political instability and corruption stand out as important weaknesses relative to rating peers in the A rating range and could "eventually jeopardize" the country's high institutional strength assessment, the Moody's rating agency states in its annual credit report on the Jewish state released Monday.
Moody's Investors Service says that Israel's A1 government bond rating and stable outlook are underpinned by the country's high economic, institutional and government financial strength, but the rating is constrained by significant social and political challenges, which lead to moderate susceptibility to event risk.
Moody's ratings affect investors' decisions to invest in different countries and financial bodies' decisions to issue loans according to the countries' ranking.
Alongside the compliments, the company warns that Israel's high rating is constrained by significant social and political challenges, which lead to moderate susceptibility to event risk.
Moody's criticizes Israel's volatile domestic politics and the recurring upheavals which have delayed fiscal corrections that would have kept the budget deficit on target the last two years.
The report suggests that the government's commitment to fiscal discipline is waning as growth has slowed, and expresses its hope that the deficit will be narrowed this year and next year.
At the same time, the report praises Israel's high economic strength, which is supported by its relatively high GDP per capita and its economic resilience, which has been illustrated in recent years during frequent economic and political shocks.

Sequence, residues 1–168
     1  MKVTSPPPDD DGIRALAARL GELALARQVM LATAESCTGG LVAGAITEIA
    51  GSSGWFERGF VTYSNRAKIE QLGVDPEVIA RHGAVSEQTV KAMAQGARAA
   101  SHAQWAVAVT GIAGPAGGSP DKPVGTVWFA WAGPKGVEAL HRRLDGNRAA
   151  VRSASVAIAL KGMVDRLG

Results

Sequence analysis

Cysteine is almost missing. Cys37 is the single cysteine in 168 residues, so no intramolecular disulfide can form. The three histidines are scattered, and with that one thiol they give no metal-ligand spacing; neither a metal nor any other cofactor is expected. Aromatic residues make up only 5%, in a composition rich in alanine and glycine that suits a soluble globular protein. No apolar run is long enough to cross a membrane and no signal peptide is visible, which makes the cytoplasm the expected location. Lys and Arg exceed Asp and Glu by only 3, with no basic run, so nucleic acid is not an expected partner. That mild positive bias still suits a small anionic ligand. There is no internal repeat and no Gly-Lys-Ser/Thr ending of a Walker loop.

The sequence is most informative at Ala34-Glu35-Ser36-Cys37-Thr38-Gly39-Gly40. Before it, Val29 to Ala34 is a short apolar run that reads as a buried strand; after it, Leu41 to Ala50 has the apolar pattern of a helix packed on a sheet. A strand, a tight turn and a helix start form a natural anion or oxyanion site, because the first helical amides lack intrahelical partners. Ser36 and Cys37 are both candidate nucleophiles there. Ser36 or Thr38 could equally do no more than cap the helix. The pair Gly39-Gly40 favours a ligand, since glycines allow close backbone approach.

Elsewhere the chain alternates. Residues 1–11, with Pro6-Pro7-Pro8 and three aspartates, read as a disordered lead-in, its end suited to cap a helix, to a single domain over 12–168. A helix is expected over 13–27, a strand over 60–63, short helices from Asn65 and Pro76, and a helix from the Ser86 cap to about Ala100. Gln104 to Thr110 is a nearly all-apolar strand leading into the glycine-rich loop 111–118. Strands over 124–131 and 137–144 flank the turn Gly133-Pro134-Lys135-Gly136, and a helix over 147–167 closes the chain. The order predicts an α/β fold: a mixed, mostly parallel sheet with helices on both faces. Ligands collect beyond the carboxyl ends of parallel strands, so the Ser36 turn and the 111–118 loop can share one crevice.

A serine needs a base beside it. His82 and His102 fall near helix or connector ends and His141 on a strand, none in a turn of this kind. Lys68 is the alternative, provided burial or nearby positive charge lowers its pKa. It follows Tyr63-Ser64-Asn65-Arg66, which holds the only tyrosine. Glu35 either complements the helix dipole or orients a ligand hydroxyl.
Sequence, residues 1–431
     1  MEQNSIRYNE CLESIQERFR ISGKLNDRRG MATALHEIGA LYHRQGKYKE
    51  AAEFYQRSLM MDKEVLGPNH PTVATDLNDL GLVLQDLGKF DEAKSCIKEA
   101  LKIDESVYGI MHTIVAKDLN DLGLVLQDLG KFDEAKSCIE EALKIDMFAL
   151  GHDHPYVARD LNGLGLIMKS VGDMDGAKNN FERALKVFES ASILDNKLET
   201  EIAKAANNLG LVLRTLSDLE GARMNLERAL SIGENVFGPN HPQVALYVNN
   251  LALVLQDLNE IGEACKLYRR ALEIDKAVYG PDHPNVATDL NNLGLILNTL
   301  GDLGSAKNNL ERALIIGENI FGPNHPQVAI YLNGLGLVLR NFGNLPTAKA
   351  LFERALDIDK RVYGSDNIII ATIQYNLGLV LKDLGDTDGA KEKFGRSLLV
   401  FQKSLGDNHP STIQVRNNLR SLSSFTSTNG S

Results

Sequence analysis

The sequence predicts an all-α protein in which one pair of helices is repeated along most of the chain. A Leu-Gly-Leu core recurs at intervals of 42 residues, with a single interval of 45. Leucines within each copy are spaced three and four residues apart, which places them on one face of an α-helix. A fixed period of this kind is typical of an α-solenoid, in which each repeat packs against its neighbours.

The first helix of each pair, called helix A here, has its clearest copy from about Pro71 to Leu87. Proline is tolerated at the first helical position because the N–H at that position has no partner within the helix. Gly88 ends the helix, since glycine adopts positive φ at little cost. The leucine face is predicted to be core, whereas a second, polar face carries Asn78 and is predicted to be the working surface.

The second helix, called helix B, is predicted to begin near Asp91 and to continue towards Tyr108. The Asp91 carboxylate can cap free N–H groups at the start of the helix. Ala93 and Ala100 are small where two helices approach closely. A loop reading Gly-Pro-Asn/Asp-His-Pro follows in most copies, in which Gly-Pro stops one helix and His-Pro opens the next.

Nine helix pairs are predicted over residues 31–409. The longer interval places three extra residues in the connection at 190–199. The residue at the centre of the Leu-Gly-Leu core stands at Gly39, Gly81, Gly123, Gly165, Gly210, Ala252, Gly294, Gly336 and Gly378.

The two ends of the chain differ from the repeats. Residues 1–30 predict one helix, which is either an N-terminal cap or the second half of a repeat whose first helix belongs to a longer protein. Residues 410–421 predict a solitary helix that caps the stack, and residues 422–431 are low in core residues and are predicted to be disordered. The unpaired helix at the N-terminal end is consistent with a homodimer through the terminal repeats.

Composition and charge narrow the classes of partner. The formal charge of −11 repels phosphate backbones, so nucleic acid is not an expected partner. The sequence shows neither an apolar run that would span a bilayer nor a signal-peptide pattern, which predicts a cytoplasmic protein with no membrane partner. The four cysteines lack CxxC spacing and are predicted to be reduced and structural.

However, the report notes, this resilience is being challenged once again by the ongoing euro zone debt crisis and the concurrent slowdown in the global economy.
The rating agency says that government has eased its fiscal strategy substantially for the coming years, after having missed its deficit targets in both 2011 and 2012 by widening margins.
The rating agency lauds the NIS 14 billion (about $3.5 billion) tax package approved by the government in August.
According to the company, the sustainability of the public finances will also depend upon how well the government manages the revenue from natural gas sales, in particular whether it is able to restrict the share of gas revenues used to finance current spending in order to build up a sovereign wealth fund.
According to the report, the violent uprising in Syria
and concerns about Iran's
nuclear program have led the Israeli government to maintain a high level of defense spending, representing about 15% of total government expenditure.
However, the negative impact of the cutoff of Egyptian gas supplies on the Israeli balance of payments will be more than offset as Israel's own gas production increases substantially between 2013 and 2016.
Moody's judges Israel's susceptibility to event risk as moderate based on the political risks facing the country, both domestic and external. But according to the agency, the Arab Spring revolutions have ironically created problems for Israel, for whom the 1979 peace treaty with Egypt has been critical to its security framework.
Finance Ministry and Bank of Israel officials expressed their satisfaction over the report, noting that Israel remained one of the only countries whose credit rating had not been downgraded in the past two years.